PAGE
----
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Vaccination program for pigs

Written by  Dr Joan Kleynhans
| in Veearts
| March 3, 2015

Several infectious diseases threaten commercial pig farming. In this article I will refer to the ones that occur most commonly and should be vaccinated against as part of a basic vaccination program.

The first is Mycoplasma hyopneumoniae

       This organism causes a mild, chronic pneumonia. It is infectious and will produce a persistent dry cough and will also retard growth. Overt respiratory disease will flare up from time to time once it becomes endemic in a herd. Slaughter pigs may show a high incidence of lung lesions. The effects are more pronounced under conditions of overcrowding, poor ventilation and poor husbandry.
        Mycoplasmal pneumonia is often complicated by other mycoplasmas, bacteria and viruses that affect its severity. Within a herd, piglets are infected in the first few weeks of life by their dam or other litters after mixing. Gilts are more likely to transmit the infection to lactating piglets. In cold wet weather, the disease may also be airborne for up to 1.5 km.
        In endemic herds many animals are affected, but there are minimal clinical signs and low mortality. Coughing may commonly be seen when pigs are roused. Weather changes, other stressors, infection or parasites may trigger pneumonia in individual pigs or groups. When the disease first enters a naïve herd, it is usually more severe.  
       Piglets should be vaccinated at the age of one week or older. Vaccine will protect against the development of gross lung lesions and also reduce coughing in growing pigs.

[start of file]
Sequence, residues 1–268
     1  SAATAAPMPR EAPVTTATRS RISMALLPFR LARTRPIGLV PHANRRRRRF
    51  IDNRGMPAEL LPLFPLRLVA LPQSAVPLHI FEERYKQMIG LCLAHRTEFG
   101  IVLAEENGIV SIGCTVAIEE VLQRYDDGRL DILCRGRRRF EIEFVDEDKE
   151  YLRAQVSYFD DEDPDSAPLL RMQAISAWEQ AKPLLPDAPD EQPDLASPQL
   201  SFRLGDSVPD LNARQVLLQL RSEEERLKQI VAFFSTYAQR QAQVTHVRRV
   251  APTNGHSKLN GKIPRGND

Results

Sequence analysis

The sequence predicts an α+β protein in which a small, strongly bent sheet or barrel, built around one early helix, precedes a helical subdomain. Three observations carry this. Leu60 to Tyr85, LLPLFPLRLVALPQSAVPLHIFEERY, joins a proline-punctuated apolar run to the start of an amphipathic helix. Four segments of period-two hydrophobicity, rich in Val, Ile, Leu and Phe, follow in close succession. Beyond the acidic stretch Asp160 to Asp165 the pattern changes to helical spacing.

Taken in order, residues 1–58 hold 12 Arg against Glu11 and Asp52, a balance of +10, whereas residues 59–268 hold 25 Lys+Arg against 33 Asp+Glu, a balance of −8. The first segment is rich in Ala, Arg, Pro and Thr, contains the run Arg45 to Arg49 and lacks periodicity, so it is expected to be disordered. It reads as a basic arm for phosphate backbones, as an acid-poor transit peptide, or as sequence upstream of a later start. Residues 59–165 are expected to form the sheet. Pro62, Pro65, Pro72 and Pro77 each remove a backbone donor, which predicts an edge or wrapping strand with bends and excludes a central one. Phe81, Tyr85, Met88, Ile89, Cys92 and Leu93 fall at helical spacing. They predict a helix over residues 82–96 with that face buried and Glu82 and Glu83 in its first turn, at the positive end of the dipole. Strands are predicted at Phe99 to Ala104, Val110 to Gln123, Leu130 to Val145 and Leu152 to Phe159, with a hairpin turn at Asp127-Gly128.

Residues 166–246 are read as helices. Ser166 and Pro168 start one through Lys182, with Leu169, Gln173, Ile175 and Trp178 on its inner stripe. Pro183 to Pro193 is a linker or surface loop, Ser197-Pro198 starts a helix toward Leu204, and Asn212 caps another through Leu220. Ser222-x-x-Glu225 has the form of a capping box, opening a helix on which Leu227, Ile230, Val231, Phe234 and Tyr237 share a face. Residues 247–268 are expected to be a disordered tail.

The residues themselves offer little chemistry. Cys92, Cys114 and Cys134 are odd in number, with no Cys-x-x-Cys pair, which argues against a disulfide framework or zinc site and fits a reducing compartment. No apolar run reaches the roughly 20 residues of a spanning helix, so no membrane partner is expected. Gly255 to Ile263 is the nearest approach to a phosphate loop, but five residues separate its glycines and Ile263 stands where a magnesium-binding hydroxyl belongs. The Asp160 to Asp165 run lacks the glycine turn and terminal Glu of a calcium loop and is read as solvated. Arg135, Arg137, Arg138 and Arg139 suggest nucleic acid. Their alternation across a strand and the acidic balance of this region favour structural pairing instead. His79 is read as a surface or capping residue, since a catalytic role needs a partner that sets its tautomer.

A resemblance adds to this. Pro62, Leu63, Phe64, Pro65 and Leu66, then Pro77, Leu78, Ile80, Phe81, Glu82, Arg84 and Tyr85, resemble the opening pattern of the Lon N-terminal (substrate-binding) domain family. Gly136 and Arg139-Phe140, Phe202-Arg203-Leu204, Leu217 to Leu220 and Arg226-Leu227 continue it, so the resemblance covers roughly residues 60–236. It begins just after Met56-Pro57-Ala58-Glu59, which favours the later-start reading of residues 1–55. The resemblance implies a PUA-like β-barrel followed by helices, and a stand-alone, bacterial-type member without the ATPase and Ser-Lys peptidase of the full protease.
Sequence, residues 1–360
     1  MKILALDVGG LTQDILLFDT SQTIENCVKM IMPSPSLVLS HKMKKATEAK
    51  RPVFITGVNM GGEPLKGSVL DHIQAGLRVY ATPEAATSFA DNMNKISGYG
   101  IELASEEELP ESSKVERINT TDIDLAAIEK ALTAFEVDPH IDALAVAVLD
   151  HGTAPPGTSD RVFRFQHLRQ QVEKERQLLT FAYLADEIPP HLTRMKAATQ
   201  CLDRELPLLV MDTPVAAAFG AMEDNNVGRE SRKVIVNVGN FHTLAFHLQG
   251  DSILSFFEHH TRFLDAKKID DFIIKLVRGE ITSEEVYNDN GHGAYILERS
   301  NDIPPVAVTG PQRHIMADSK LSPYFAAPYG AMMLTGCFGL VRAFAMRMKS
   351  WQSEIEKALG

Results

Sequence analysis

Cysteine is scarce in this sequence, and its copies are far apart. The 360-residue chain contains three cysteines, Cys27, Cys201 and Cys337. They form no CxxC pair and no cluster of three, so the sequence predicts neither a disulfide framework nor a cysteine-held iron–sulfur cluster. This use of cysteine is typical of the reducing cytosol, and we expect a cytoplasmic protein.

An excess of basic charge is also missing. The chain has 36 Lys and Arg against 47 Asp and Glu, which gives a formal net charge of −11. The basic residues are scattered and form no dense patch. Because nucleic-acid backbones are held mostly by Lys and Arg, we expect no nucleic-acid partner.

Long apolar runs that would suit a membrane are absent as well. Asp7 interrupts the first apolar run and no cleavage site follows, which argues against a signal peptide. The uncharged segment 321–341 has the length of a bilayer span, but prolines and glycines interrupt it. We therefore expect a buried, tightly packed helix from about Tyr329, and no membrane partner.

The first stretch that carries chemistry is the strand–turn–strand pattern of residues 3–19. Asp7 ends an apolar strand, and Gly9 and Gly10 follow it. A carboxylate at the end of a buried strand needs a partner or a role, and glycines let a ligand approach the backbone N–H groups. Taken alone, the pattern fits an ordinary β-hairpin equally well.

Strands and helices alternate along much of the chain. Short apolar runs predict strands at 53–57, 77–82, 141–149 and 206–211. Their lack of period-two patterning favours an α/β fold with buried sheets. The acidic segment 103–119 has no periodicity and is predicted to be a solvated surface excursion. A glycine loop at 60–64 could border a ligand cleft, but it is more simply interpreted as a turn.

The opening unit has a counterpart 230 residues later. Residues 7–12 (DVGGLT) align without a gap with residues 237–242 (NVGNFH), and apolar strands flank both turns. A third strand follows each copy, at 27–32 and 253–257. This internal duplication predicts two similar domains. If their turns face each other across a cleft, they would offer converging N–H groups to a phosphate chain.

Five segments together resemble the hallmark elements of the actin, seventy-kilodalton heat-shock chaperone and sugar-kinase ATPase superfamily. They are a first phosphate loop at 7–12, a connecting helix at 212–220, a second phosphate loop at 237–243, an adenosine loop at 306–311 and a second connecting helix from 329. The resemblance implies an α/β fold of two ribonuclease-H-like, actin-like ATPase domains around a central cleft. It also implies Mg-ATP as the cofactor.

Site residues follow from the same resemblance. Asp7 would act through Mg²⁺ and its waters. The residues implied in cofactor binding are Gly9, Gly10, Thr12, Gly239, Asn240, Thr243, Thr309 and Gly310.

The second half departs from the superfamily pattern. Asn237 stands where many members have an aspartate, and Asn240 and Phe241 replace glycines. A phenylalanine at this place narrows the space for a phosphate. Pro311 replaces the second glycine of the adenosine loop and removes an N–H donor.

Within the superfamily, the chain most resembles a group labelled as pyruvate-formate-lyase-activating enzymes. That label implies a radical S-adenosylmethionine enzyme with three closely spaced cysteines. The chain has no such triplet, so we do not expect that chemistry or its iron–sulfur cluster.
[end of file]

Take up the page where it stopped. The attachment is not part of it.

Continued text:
Porcine parvovirus

        This viral disease occurs worldwide and causes abortion in gilts. If they are infected before 70 days of gestation, death of foetuses may result. Not all foetuses are infected simultaneously and typically they die at different stages of pregnancy. Some foetuses may be born alive but are persistently infected.   Typical of the disease is the birth of foetuses of varying sizes, with mummified foetuses and stillborn and live piglets to first parity pigs. Almost all females are naturally infected before their second pregnancy and are then immune for life. Boars shed the virus after infection for a few weeks but semen may be infective. They may introduce the virus into a herd.
        Gilts, sows and boars should be vaccinated five weeks and two weeks prior to breeding.
Erysipelothrix rhusiopathiae
        This bacterium may cause disease in pigs, turkeys and sheep. It occurs worldwide and has been isolated from many species. It may cause localised skin infections and cellulitis in humans working with infected animals or their carcases.
        Asymptomatic carriers are the most common source of infection. It may also be introduced to a commercial piggery by surface water run-off, wild animals, birds, pets and biting insects. The organism can survive in soil for five weeks and for several months in animal tissue such as frozen or chilled pork, cured and smoked ham and feed by-products such as dried blood.